Trading in Samsonite shares has been suspended after the world's largest luggage maker was accused by an investment firm of questionable business practices. The stock plunged by 10% in Hong Kong before trading was halted after it came under attack by ...and more »
Trading in Samsonite shares has been suspended after the world's largest luggage maker was accused by an investment firm of questionable business practices.
The stock plunged by 10% in Hong Kong before trading was halted after it came under attack by short sellers -- investors who profit by driving down the value of a company's shares.
Blue Orca Capital, a new firm led by renowned short seller Soren Aandah, claimed in a report published on its website Thursday that Samsonite (SMSOF) has masked slowing growth by borrowing heavily to make acquisitions.
"Like an addict searching for its next fix, Samsonite has already announced its search for its next acquisition (in women's handbags). The market should be skeptical," reads the report.
Blue Orca also accused the company of using questionable accounting techniques to massage earnings and inflate its profit margins.
"Samsonite is a mid-level brand masquerading as a premium luxury player," according to the investment firm.
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Samsonite shares were halted in Hong Kong late Thursday morning at the request of the company. Samsonite said it asked for the suspension "pending the release of an announcement in respect of further clarification on a report containing allegations against the company."
A spokesman for Samsonite in Hong Kong said he couldn't immediately comment on the allegations.
Much of the report's criticisms focus on Samsonite's acquisition strategy, which included the $1.8 billion buyout of upscale American rival Tumi two years ago. It alleges Samsonite used certain accounting techniques to artificially boost its profit margins following the deal, and believes the company's shares are overvalued by 44%.
Most mainstream analysts have a different view on Samsonite. Nine of 15 brokers who cover the stock rate Samsonite a buy, according to data provider Factset. Analysts expect Samsonite's operating profit to increase more than 20% in the current financial year.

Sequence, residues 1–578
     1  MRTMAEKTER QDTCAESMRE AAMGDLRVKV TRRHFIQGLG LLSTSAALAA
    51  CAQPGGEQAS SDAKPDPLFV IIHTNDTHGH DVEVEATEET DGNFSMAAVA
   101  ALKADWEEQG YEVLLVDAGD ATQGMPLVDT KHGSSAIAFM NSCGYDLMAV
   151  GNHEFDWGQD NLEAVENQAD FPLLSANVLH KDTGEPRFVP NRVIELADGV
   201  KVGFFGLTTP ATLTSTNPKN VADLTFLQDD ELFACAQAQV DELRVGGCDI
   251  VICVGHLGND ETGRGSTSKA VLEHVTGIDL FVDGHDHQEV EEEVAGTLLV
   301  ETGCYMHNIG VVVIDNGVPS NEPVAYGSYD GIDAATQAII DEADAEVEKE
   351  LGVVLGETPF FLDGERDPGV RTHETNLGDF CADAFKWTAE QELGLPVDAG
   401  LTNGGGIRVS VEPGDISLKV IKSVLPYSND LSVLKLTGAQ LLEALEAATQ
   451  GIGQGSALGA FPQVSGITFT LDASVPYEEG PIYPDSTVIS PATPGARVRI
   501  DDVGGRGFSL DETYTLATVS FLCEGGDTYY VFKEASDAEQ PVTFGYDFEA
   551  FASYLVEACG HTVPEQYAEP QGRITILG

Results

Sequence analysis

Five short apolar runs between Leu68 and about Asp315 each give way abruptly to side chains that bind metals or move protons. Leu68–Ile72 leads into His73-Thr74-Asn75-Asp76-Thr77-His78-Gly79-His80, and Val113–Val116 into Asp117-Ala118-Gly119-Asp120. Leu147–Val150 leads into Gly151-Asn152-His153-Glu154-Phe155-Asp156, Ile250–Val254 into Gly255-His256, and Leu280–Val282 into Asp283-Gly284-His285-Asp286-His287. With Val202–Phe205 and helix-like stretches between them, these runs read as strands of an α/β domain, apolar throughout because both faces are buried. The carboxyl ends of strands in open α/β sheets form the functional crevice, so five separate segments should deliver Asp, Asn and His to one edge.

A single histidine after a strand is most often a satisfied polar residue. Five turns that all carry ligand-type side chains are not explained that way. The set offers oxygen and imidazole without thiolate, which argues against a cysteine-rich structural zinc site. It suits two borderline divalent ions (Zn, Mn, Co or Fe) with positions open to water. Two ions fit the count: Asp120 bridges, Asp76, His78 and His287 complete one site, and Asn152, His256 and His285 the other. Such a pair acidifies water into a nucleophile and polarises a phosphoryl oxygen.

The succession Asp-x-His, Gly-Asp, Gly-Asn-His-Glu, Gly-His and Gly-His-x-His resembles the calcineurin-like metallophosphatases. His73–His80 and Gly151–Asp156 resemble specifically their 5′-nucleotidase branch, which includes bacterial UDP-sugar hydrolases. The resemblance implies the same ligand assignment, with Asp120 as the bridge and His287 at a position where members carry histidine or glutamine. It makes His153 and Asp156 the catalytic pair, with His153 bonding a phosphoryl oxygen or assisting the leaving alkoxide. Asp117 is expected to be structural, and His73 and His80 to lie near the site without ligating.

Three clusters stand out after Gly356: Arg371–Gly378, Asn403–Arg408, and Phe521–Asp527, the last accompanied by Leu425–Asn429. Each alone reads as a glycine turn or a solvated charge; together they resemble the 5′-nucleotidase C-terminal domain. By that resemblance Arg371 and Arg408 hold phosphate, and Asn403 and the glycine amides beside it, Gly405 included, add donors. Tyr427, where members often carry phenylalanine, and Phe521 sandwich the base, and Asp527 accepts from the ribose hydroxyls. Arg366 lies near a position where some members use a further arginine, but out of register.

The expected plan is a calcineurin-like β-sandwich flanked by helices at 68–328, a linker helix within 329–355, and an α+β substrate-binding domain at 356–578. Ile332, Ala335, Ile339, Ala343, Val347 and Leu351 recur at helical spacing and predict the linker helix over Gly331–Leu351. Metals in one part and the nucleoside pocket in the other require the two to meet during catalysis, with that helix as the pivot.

"We believe the short seller's significantly lower target price for Samsonite does not factor in the company's ability to generate sustained positive free cash flow," said Morningstar analyst Lorraine Tan in a note on Thursday.
Blue Orca also flagged what it described as "dodgy" transactions between Samsonite CEO Ramesh Tainwala and Indian entities it said were controlled by him and his family. It even accused Tainwala of lying about having a doctorate in business administration.
"Ultimately, we believe that Samsonite is simply carrying too much baggage to trade at such a high premium," the report said.
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Aandahl, who established Blue Orca earlier this month, has a track record for uncovering accounting shenanigans.
The Harvard-educated former attorney cut his investment teeth short-selling Chinese companies listed in the United States. In 2016, he was named "Short Seller of the Year" by investment publication Activist Insight.
Like many short sellers, Blue Orca doesn't disclose who its investors are or how much money it manages. The company makes money for its clients by taking a "short" position in a stock and then trying to drive down its price by circulating negative reports.
Last year, Aandahl targeted Australian sandalwood grower Quintis, which he described as having a "ponzi-like structure." The stock plunged almost 80% and the company is now in administration.
His forecasts haven't always been on the money. In 2016, he advised investors to sell shares in Japanese trading house Itochu (ITOCF), but the stock has almost doubled in value since.
CNNMoney (Hong Kong) First published May 24, 2018: 9:32 AM ET